FED Wall Street gave a strong vote of confidence to Ben Bernanke, President Bush's nominee to succeed Federal Reserve Chairman Alan Greenspan, with the Dow Jones Industrial Average rising nearly 170 points on Oct. 24, the day Mr. Bush announced the nomination. Mr. Bernanke, a former Princeton University professor, Federal Reserve governor, and White House economist, said his first priority will be "to maintain continuity" with the policies and strategies of the Greenspan years. He has in the past, however, championed greater openness at the Fed and the establishment of formal inflation targets. "He's got the right pedigree," economist Ethan Harris told the Bloomberg news service. Still, "you're replacing an icon with a mere mortal, and he's going to have to prove himself in the job."
COURTS Citing a confirmation process that "presents a burden for the White House," Supreme Court nominee Harriet Miers in an Oct. 27 letter to the president withdrew her name from nomination. Her decision to abandon high-court prospects-and the president's swiftness to accept-came one day after Ms. Miers was supposed to return a second Senate Judiciary Committee questionnaire centering on her role as White House counsel and just over a week before hearings in the committee were set to begin (See "End of the road").
QUAKE Two weeks after a devastating earthquake in Pakistan, officials upped the death toll to 80,000-making it one of the deadliest quakes of modern times. Relief workers are racing against time to provide winterized tents and other shelter for between 2 million and 3 million made homeless by the October earthquake. Shock is now beginning to set in, with families realizing the full tragedy of lost loved ones and homes (See "Unveiled grief").
HURRICANE Facing massive hurricane damage from Wilma, Florida Gov. Jeb Bush took blame for slow delivery of relief supplies, but also took time to tell survivors some hard truths: "People had ample time to prepare. It isn't that hard to get 72 hours' worth of food and water." Aid agencies and weather experts, meanwhile, are straining to cope with the worst storm year many have seen. "There is a gradual cumulative tired that we experience in these record years," said the National Hurricane Center's Frank Lepore. "[But] we've been in a period of above normal activity since 1995" (See "Forecast: accumulating exhaustion").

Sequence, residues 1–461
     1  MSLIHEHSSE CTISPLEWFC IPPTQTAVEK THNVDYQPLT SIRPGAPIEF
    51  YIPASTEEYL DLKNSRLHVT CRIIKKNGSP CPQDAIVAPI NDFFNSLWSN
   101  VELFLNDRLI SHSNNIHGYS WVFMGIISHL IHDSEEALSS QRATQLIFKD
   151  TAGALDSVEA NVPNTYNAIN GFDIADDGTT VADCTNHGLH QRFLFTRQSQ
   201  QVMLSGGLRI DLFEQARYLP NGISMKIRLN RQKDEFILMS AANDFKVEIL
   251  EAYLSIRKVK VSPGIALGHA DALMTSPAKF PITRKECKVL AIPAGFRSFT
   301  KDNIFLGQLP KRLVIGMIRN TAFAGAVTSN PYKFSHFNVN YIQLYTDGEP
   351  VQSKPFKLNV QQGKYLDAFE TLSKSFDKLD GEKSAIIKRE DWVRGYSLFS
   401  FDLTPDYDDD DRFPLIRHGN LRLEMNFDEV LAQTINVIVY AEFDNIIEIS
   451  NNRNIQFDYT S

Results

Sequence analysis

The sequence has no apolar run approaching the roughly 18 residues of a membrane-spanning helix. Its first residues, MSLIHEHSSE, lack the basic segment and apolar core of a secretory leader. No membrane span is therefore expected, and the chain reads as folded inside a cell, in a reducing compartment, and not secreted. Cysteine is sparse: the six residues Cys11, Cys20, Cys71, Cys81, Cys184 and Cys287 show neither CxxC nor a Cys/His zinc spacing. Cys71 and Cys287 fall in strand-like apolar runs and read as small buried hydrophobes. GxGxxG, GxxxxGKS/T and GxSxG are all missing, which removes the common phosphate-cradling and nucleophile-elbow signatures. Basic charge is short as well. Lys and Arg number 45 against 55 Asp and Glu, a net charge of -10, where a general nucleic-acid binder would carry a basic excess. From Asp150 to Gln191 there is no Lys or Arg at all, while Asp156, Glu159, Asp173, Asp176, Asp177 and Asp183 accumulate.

IMMIGRATION GOP leaders (and presidential hopefuls) in the Senate reached an agreement Oct. 25 on how to proceed with a massive overhaul of U.S. immigration. Over 1 million illegal immigrants are arrested nationwide each year, and over 11,000 are apprehended each month in south Texas alone. Security in the area, home to major beef-producing ranches, is increasingly compromised by violent, trespassing illegals and a cottage industry in immigrant smuggling (See "Illegal invasion").
WORLD SERIES Chicago prepared a celebration of the century to welcome its White Sox after the team swept past the Houston Astros 4 games to 0. The shutout was sweet remedy for a club that had not won a World Series in 88 years. "So what do we do with the chip on our shoulder?" asked Sox fan and lawyer Mike Laird.
OIL FOR FOOD More than half of 4,500 companies from 60 countries paid kickbacks or surcharges to Saddam Hussein to obtain Iraqi oil. Bribe payers-including Daimler-Chrysler and Volvo-netted Saddam $1.6 billion, according to the final report issued by the UN's specially appointed Oil-for-Food investigator and former Federal Reserve chairman Paul Volcker. He emphasized that the corruption "could not have been nearly so pervasive if there had been more disciplined management by the UN and its agencies."
NORTH KOREA The Kim Jong Il regime wined and dined New Mexico governor Bill Richardson as the country celebrated 60 years of its Communist workers' party in late October. Mr. Richardson, a former UN ambassador, is a well-liked old Pyongyang friend but was there in an unofficial capacity ahead of dicey six-party talks over nuclear buildup-a visit reminiscent of Clinton-Gore-Albright glass-clinking with the North Korean dictator more than tough engagement with the brutal state.